Crime victims offered right of review of charging decisions
Victims of crime in England and Wales are being given the right to challenge decisions to stop prosecutions or not charge suspects.
The victims' right to review covers any decision by the Crown Prosecution Service not to pursue a case.
Director of public prosecutions Keir Starmer said victims had been treated as "bystanders" in the past.
Mr Starmer said the move could affect about 70,000 cases a year, but would not cover those dropped by the police.
Ministers and campaigners said it would improve the way the justice system dealt with victims.
BBC home affairs correspondent Danny Shaw said the CPS was confident it would not open the floodgates to tens of thousands of victims clogging up the system with appeals and delaying other prosecutions.
The new policy, which is in effect now, follows a 2011 Court of Appeal ruling which stated that "as a decision not to prosecute is in reality a final decision for a victim, there must be a right to seek review of such a decision".
The ruling referred to the case of Christopher Killick, who was jailed for three-and-a-half years for violent sexual attacks on two people who, like him, had cerebral palsy.
Killick was tried and convicted only when one of his victims complained to the CPS, prompting prosecutors to reverse their earlier decision not to press charges.
Announcing the proposals, Mr Starmer said: "The criminal justice system historically treated victims as bystanders and accordingly gave them little say in their cases."
He said this approach was supposed to inspire confidence in decisions that, once made, were final.
"But in reality it had the opposite effect," he said. "Refusing to admit mistakes can seriously undermine public trust in the criminal justice system."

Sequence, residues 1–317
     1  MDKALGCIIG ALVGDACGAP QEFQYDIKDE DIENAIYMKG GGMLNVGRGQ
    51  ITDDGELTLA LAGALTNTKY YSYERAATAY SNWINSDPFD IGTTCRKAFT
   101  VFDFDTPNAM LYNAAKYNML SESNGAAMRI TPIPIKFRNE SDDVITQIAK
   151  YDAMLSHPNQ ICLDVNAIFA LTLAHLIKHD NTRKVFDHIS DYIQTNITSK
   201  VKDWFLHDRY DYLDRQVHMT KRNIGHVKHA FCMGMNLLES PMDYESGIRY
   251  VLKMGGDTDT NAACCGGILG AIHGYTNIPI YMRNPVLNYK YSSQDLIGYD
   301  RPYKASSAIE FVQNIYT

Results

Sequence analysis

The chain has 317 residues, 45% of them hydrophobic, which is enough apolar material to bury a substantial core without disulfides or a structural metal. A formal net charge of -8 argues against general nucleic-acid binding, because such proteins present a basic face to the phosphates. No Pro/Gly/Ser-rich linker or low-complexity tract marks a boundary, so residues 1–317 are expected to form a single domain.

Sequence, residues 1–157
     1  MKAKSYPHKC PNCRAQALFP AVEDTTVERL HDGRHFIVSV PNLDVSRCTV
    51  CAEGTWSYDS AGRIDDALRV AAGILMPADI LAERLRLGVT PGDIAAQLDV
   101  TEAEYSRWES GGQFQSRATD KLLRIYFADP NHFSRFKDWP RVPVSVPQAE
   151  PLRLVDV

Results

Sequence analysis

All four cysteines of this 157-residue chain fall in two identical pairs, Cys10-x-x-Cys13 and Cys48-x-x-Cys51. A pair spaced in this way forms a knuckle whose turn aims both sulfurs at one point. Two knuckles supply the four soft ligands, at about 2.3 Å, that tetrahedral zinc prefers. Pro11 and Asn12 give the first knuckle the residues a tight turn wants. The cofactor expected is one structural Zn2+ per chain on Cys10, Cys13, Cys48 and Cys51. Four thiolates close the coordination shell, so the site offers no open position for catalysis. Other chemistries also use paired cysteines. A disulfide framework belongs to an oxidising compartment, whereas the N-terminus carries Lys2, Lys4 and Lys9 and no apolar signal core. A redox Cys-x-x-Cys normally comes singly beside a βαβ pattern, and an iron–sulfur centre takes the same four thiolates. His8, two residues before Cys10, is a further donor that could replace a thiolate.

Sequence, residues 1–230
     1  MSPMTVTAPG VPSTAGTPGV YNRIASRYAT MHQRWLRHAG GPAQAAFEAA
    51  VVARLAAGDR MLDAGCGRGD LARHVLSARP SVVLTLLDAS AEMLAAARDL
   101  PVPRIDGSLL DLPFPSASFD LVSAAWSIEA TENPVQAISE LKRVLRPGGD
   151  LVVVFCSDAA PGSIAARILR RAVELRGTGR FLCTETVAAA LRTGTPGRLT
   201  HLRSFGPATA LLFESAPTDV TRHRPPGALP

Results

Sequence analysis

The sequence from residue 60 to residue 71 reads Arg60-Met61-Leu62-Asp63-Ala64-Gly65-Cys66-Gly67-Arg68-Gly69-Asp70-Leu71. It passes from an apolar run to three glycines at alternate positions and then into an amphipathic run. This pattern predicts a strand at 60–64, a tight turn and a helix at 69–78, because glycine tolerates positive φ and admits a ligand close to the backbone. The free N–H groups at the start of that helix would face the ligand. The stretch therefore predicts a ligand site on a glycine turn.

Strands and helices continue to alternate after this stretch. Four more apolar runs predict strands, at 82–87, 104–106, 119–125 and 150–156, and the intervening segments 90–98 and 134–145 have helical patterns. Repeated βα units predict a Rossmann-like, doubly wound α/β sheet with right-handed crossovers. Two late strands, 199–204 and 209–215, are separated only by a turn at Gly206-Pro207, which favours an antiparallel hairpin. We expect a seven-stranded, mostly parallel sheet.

Mr Starmer said the CPS currently received about 1,600 complaints per year and he expected the number of review requests to be more than that.
But he said the figure was unlikely to be "anything like" the full 70,000 cases not pursued.
The CPS currently pursues cases where its staff believe there is a "realistic chance" of a conviction, and the same test will apply when reviewing cases.
Mr Starmer said he expected the original decision to be correct in the "vast majority" of cases.
"There's no right to charge," he said. "Nobody has that, nor should they.
"If the right decision was made then it has to be upheld."
Mr Starmer said mistakes were inevitable in a justice system which deals with 800,000 defendants a year.
A CPS spokesman said reviews would be carried out by a different lawyer in the same region where the original decision was made, but if the decision not to pursue a case was upheld it would then be examined at CPS headquarters as well.
The new procedure will only apply to decisions made from now on, and can be used if there is a decision not to bring charges, to discontinue proceedings or to offer no evidence.
Baroness Helen Newlove, Victims' Commissioner for England and Wales, called the move "a positive step forward for victims and their families".
She added: "Whilst I welcome this change, I will continue to monitor the implementation of this change and challenge where necessary any shortcomings."
Charity Victim Support also welcomed the decision, saying it would strengthen victims' rights and "help to reposition victims back at the heart of our justice system".
Chief executive Javed Khan added: "Too often victims tell us that they don't have much of a voice in our justice system."
Helen Grant, Minister for Victims and the Courts, said: "If a victim has the strength to come forward, it is right that we give them every possible chance to get the justice they so deserve."
The CPS is launching a public consultation on its new policy, to see how it works in practice.
The consultation will last for three months, after which the CPS will decide whether any alterations are needed, a spokesman explained.